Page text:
How should education systems and schools plan for teaching and learning in the current COVID-19 crisis? This question underpinned a webinar, organized by McKinsey on the 16th of April 2020.
During the webinar, McKinsey presented a five-step model of how education systems can move through the crisis which they need to plan for, particularly to support students in vulnerable situations:
According to McKinsey, most countries are now in the second phase where schools are offering online teaching and are organizing support for vulnerable students.
Resilience: support of students in vulnerable situations and keeping up momentum for online learning
An example of how to organize support for students in vulnerable situations was given by a school principal from New York. He explained how his school board prepared an excel worksheet where each student was classified as low, medium, high risk based on data about:
- Housing insecurity
- Special Education Needs status
- Mandated counselling
- Academic risk – especially failing English and/or math
- Socio-emotional risk: suspensions, behaviour, history of significant emotional needs
- Family financial status
- Other siblings who are similarly situated – so evidence of household risk
The excel was sent to schools who updated the classification with their insight knowledge about actual risk of students. The risk classification was then used to develop and target additional support to these learners, according to risk category, such as scheduling individual calls, home visits, text messages to parents etc.
Low risk students may become high risk
Principals in the webinar stated that this excel file needs to be a ‘live document’ which needs to be regularly updated as children who are considered ‘low risk’ at present may become high risk in the near future when lock-down measures continue and the situation at home changes and students experience increasing stress levels.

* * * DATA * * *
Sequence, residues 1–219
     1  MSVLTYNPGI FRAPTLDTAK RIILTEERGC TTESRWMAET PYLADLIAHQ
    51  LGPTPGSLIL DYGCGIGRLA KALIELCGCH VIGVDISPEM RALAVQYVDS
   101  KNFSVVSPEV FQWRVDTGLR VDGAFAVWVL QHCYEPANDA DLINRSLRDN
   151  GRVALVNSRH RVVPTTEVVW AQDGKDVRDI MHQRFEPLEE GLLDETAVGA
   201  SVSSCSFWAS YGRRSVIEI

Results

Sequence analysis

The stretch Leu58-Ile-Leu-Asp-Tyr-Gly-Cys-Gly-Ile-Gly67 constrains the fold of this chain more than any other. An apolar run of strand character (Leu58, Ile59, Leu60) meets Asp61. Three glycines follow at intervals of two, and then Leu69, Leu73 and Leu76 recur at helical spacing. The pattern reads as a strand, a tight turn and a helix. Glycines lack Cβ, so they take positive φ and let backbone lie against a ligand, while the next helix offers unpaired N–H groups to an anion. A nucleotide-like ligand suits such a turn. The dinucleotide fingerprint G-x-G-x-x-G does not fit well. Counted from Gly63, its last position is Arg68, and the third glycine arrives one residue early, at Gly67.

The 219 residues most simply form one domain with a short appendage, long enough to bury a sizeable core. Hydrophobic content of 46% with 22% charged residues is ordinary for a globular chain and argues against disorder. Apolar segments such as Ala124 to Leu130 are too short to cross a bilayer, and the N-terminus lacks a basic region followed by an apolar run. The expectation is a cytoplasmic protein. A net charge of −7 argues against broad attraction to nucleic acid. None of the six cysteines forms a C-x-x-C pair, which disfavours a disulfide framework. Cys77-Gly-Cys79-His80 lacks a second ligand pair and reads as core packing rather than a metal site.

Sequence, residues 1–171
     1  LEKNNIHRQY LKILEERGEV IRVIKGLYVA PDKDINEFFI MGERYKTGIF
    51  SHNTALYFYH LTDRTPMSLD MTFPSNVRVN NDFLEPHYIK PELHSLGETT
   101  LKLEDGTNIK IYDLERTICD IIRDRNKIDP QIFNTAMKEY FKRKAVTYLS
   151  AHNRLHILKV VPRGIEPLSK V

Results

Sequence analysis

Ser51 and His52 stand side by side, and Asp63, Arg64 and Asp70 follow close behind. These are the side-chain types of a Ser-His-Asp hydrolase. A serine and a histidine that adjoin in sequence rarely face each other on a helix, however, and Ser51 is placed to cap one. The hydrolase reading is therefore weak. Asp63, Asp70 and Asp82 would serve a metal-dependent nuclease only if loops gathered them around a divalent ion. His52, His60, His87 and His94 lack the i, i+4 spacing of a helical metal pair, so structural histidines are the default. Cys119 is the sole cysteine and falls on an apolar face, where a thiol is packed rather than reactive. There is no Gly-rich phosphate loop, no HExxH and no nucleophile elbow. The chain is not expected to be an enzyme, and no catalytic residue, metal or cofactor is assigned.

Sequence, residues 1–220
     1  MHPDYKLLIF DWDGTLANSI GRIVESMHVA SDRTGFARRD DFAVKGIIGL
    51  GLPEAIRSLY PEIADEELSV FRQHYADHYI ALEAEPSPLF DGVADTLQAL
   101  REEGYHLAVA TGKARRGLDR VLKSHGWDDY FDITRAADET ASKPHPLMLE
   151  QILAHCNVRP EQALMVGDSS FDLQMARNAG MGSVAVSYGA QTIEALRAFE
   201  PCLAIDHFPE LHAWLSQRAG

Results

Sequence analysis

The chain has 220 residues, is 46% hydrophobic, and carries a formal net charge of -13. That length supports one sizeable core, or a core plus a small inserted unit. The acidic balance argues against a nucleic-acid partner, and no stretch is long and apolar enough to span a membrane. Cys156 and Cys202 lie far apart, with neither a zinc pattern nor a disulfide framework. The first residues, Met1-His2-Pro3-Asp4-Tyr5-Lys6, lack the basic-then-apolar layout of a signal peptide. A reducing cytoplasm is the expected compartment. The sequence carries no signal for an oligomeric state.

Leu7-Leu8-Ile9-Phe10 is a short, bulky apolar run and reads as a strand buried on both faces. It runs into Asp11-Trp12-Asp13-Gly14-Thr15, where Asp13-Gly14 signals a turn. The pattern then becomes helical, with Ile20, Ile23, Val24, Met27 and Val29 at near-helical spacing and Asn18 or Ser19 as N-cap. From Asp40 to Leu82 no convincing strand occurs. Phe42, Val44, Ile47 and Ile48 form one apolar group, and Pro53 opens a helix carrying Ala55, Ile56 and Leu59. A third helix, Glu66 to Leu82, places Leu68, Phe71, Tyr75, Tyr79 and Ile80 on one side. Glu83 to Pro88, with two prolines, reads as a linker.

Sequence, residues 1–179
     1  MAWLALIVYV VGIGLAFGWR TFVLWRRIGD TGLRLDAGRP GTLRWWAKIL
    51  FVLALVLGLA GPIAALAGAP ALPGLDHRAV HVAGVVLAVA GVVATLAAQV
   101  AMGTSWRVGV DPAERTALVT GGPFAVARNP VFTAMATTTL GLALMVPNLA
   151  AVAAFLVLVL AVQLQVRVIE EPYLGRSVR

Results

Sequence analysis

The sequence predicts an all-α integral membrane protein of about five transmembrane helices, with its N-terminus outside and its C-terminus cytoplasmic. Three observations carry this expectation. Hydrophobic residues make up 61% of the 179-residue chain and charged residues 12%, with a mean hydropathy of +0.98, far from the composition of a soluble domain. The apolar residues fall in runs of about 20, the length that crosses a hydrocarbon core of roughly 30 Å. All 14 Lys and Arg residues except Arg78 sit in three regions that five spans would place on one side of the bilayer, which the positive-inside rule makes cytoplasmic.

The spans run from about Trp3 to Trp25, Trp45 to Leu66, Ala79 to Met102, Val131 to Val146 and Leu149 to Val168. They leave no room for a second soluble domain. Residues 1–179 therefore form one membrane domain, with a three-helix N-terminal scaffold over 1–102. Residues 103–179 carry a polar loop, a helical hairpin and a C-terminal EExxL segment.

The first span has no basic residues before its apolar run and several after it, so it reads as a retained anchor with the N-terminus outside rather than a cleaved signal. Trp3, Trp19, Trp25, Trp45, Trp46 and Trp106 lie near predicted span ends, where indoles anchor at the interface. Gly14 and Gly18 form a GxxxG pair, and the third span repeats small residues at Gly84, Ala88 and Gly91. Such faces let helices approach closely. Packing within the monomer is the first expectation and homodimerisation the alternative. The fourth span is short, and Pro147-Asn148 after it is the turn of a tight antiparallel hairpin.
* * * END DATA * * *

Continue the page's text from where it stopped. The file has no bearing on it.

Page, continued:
Keeping up momentum
A concern raised, particularly when the current school lock down continues is also how to sustain momentum for online learning, particularly in terms of student attendance and engagement with online learning and teacher motivation and workload.
Planning for return
As schools will re-open again at some point, countries now need to prepare for the third phase of ‘return’, according to McKinsey. Planning needs to focus on how to remediate potential learning loss, allowing for flexibility in in-school and online learning, but also thinking about the current good practices that should be sustained.
Assessment and remediation and revised scope and sequence
Planning for remediation requires a good understanding of the actual learning of students during school lock down. Principals in the call expressed their concern about now knowing what students are currently doing at home, how well they are mastering academic content, their well-being and development of socio-emotional skills. They argued for the development of assessments to provide such information to be able to plan the scope and sequence of the curriculum for when schools re-open. Examples that were given referred to portfolio assignments to assess the standards that students are working towards. These are currently being developed by New York in the absence of the regents exams which measure student achievement in high school-level courses.
Flexibility in arrangements
Planning also needs to take into account that some parents will be anxious to send their children back to school and won’t do so initially. There is a need for flexibility in offering both off and online learning and assessment initially and this also needs to be planned for.
Sustaining good practice:
Principals also argued that current planning needs to ensure that all the current innovative work in schools will be sustained when schools re-open, making sure that we don’t go back to normal and lose some of the great practices that are currently being developed. Examples that were mentioned were to continue holding virtual online parent meetings to ensure a greater turn-out of parents who struggle to come to school.
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